The Hindu days of the week are each ruled by a planet, and corresponding exactly to ancient cultures in the West, i.e. Sunday = Ravivār (Lord of the Sun's day [lit. time or period]). Thursday/O.N. Þorsdagr, Thor's day = Guruvār (Lord of Jupiter's day), Saturday/Saturn's day = Śani's (Lord of Saturn's day), etc. Unlike her Western counterparts, in India, Astrology is still a vital part of Hindu culture. Though attitudes may vary on its validity, priests are still consulted, as per tradition, for an auspicious day to hold a wedding. -वार (-vār), meaning day, time, or period is often dropped colloquially.
|Sunday||इतवार/रविवार||itvār, ravivār (Sun)|
|Monday||सोमवार||somvār (Moon); pīr|
|Tuesday||मंगलवार/मंगल||mangalvār (Mars); mangal|
|Wednesday||बुधवार/बुध||budhvār (Mercury); budh|
India has two main calendars in use, though other groups like the Parsis have their own calendar as well. The Western (Gregorian) calendar is used for day to day and business affairs, and the Hindu calendar is used by religious communities.
The Hindu Calendar (विक्रम संवत् Vikram saṃvat) is named after a legendary king of Ujjain who is supposed to have founded the Vikramditya (विक्रमादित्य) era c. 56 BCE. The year 57 BCE was the first year of this (संवत् saṃvat) era. Thus, to calculate the current date of the Hindu calendar add 57 years. Today the Hindu Calendar is used mainly for religious purposes and calculating festivals. Because it is based on the lunar month, every 30 months an "impure" intercalary leap month is added during which no ceremonies are performed. The Hindi names are variations of the original Sanskrit ones.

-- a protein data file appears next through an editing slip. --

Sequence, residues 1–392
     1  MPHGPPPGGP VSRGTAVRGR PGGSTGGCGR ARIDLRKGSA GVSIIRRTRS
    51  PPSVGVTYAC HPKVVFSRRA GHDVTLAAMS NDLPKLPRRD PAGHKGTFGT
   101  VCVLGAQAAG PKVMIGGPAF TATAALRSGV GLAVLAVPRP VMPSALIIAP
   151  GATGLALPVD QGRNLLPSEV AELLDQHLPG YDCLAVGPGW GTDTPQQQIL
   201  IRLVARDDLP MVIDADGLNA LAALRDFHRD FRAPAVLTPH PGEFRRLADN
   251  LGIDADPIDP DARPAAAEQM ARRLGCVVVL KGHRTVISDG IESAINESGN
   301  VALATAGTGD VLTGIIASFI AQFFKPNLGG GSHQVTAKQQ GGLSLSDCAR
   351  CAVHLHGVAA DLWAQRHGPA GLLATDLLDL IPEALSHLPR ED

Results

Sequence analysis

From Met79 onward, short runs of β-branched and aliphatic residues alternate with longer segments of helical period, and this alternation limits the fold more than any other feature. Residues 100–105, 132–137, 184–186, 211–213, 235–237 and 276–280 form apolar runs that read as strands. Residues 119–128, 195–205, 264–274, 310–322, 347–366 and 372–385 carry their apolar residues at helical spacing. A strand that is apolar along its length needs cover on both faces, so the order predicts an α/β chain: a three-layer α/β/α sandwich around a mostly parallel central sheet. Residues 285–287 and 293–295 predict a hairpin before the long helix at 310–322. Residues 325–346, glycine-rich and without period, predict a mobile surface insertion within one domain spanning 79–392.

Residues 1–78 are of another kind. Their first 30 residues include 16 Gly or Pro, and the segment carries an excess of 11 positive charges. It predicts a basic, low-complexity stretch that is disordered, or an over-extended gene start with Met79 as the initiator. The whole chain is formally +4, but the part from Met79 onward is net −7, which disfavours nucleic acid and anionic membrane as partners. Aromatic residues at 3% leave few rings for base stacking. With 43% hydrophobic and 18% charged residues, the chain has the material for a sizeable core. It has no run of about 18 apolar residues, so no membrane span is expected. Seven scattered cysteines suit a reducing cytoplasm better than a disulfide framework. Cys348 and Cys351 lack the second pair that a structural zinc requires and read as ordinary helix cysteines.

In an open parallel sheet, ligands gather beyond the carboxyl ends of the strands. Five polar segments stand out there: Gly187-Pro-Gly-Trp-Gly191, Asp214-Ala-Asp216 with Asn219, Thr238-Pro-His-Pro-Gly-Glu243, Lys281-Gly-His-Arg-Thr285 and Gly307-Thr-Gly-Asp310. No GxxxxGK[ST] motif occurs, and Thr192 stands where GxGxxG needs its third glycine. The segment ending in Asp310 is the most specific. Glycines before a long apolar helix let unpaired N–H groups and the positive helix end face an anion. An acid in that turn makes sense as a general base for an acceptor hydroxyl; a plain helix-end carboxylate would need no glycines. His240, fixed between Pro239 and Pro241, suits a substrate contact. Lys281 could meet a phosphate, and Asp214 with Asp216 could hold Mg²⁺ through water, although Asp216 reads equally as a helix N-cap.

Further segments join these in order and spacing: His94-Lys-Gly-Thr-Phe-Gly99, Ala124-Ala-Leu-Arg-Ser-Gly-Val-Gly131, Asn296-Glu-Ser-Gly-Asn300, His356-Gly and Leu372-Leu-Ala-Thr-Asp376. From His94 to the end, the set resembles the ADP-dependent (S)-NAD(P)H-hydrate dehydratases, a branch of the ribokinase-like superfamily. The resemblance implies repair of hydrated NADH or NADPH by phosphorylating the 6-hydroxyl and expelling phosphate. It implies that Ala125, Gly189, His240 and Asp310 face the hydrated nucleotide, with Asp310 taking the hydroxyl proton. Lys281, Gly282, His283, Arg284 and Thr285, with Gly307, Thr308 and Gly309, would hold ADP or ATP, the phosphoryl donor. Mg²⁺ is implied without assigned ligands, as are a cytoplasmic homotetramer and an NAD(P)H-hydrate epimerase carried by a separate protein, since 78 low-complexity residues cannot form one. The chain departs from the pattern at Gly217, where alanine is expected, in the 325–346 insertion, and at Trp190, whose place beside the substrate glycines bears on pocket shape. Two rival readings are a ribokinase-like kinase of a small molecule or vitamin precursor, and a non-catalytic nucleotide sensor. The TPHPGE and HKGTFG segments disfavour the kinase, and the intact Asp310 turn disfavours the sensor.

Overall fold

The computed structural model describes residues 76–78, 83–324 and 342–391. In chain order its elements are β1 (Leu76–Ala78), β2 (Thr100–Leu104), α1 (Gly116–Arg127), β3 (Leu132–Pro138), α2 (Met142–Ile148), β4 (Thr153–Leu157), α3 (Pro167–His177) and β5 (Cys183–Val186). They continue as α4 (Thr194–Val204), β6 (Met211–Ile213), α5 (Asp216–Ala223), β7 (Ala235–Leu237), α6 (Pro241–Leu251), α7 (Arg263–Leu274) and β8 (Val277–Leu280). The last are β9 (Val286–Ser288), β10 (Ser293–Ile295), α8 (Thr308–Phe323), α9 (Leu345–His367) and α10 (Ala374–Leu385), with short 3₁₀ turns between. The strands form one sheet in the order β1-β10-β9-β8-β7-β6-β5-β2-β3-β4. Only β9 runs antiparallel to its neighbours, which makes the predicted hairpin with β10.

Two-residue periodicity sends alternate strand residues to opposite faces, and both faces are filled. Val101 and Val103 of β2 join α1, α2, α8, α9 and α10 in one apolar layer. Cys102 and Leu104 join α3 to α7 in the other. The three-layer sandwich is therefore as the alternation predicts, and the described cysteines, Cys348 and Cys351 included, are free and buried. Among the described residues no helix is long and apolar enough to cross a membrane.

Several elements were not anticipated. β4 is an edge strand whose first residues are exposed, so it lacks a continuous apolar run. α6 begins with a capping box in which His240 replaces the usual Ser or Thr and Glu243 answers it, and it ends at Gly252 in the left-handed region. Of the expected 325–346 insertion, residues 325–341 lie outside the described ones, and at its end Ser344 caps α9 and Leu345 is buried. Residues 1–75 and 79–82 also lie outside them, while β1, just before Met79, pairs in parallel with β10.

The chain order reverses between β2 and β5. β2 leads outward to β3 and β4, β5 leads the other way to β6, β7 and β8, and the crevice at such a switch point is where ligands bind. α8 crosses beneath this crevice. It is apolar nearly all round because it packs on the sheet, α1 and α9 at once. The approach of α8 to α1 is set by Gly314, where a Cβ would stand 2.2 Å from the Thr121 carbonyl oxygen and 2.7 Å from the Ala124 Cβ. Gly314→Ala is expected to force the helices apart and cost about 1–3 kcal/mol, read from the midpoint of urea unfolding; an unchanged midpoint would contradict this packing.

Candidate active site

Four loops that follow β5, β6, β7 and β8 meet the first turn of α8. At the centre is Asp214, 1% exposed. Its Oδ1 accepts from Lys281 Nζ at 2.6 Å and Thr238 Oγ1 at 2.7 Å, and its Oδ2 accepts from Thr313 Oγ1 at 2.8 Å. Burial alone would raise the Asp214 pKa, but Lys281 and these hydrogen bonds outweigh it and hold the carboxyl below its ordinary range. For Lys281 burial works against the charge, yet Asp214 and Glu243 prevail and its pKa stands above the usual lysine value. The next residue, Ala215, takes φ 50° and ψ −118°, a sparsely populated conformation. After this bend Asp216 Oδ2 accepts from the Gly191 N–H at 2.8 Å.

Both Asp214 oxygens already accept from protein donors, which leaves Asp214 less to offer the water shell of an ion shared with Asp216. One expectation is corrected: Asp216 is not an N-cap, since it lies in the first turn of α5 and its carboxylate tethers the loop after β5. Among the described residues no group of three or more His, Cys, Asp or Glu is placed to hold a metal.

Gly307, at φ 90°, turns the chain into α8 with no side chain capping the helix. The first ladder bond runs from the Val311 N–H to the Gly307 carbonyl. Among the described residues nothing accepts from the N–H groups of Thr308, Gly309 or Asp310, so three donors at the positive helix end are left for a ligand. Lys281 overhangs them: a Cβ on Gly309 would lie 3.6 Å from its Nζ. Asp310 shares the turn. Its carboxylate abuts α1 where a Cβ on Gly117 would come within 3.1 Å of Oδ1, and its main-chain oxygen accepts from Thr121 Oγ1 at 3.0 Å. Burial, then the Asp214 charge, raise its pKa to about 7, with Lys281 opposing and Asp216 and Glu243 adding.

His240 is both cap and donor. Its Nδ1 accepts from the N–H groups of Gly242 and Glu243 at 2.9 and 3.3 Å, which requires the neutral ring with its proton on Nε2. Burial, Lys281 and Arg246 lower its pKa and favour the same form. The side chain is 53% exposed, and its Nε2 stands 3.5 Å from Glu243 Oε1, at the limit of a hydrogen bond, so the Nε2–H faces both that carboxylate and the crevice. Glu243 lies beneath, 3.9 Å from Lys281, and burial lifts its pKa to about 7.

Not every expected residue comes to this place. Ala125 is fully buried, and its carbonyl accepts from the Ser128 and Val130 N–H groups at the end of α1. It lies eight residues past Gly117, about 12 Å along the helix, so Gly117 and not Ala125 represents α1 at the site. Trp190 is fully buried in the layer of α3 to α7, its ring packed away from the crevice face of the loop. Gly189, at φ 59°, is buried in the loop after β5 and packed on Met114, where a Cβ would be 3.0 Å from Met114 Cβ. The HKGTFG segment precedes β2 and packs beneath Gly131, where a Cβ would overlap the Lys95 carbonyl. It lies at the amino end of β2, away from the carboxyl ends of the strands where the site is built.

|Name||Hindi||№ of Days||Gregorian Equivalent|
|Caitra||चैत्र/चैत||30||(March - April)|
|Baisākh||बैसाख||31||(April - May)|
|Jeṭh||जेठ||31||(May - June)|
Give some examples how to write clock times and dates if it differs from English. The time is written exactly as in English, that is hours followed by minutes. 12:45am will thus be दोपहर के 12 बजकर पैंतालीस मिनट (dopehar ke 12 bajkar paintālīs minaṭ), note that बजकर (bajkar) would indicate something like "o'clock" in English . मिनट (minaṭ) is just a literal translation of "minutes."
|colorful||रंगिरंगा||bahut bahAna, rangabirangī|